Sport

Sydney University Athletics Club elite triathletes Luke and Jayden Schofield have often finished equal first in events but it’s never been planned.

The identical twins started competing in the multi-discipline event during their last three years at Sydney Boys’ High School and if they found themselves pushing each other at the end of the running leg they sometimes breasted the tape together.

It happened again at the recent UniSport Triathlon Nationals at Port Stephens, on the NSW Central Coast, where they pushed each other through the 4km beach run, and 37km bike ride before completing the 10km run stride-for-stride in first place.

“It’s not something we plan,” Luke says. “It’s happened about 20 times, but mostly when we were in high school events. We train together and have friendly rivalry. We have the same genetics and similar ability so if a race comes down to us battling it out we sometimes finish together and enjoy the moment.”

Luke and Jayden are in the final year of combined Engineering and Science degrees and earning distinctions despite their busy schedule of training and competing in triathlons.

They arrived at the University of Sydney campus in 2017. “We joined the Sydney Uni Athletics Club in first year and went on the Sydney Uni Sport & Fitness Elite Athlete Progam (EAP) in 2018,” Luke said. “We then spent our third year as exchange students at the University of California, San Diego, and came back on the EAP in 2020.”

“It’s been super helpful for both of us,” Jayden said. “If there’s a clash of assignment or exam times with major athletic events, the EAP program has been really helpful in getting extensions and exam modifications. The operation is run very smoothly.”

The twins started in swimming when they were in primary school at Abbotsford, in Sydney’s inner west, and got into cross-country running and athletics when they went to Sydney Boys’ High.

“We started competing in triathlons in Years 9-12 and since starting at Uni in 2017 we’ve been competing solidly and improving our bike and swim disciplines,” Luke said.

In 2018 Luke and Jayden qualified for the 2018 Junior ITU World Championships on the Gold Coast and justified their aims of continuing in the sport at higher levels.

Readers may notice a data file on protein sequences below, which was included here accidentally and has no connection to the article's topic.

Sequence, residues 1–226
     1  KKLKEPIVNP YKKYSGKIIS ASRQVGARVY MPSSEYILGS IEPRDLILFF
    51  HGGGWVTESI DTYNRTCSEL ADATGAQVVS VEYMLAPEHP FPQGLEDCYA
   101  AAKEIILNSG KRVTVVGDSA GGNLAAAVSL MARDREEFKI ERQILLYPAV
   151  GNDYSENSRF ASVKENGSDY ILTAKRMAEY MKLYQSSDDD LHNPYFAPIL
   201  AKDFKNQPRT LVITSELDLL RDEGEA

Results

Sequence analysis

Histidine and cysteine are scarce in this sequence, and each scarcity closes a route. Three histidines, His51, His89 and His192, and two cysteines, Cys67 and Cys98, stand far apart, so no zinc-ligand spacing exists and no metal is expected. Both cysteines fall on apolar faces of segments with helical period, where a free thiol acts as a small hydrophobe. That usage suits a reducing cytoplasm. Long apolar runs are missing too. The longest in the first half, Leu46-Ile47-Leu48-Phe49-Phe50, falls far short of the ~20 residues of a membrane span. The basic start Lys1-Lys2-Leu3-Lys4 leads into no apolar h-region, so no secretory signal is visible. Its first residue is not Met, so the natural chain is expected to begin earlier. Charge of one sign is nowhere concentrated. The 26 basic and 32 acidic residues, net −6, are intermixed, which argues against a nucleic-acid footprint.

More recently, they finished 1st and 2nd in the pro field at the Nepean Triathlon in 2019, and in February 2021, Luke and Jayden earned podium finishes in the Australian National Triathlon Sprint Championships against the elite and u23 field.

 

As well as competing in events across Australia, they’ve competed in Continental Cups in Japan, in Collegiate Triathlon events in the USA,  and in Canada as part of the Super League Triathlon Series which qualified them for events in Malta, Majorca, Singapore and Jersey in the UK. The well-travelled pair are amassing plenty of stamps on their passports, as is their sister, Kirrali, who is into rowing and presently on a scholarship at the University Minnesota in the US.

 

The twins are excited about the relatively new addition to the triathlon – the mixed relay – which will make its Olympic debut at the Tokyo Games.

The mixed relay involves four-person teams (two males and two females) each competing miniature tasks: a 300m swim, an 8km bike ride and a 2km run.

“It’s very spectator friendly, requiring technical skills, and the lead can change with the different transitions,” Jayden said. “It’s really short, intense, fast racing making it super exciting.”

As well as finishing their degrees this year, Jayden and Luke have their sights on the World Under 23 Championships which are scheduled for Canada in September. “We’re hoping to earn qualifying spots to get there,” Luke said, adding that the 2024 Olympic Games in Paris are also on the radar.

As for finishing side by side again, that’s a spur of the moment decision. “With the different disciplines, the lead can change as the race unfolds,” Luke said. “Sometimes we’ll be in the same pack in a race and we can gauge how each other’s going and work off each other; see who’s burning off fuel. And if we happen to be contesting the end of the run leg, well …”

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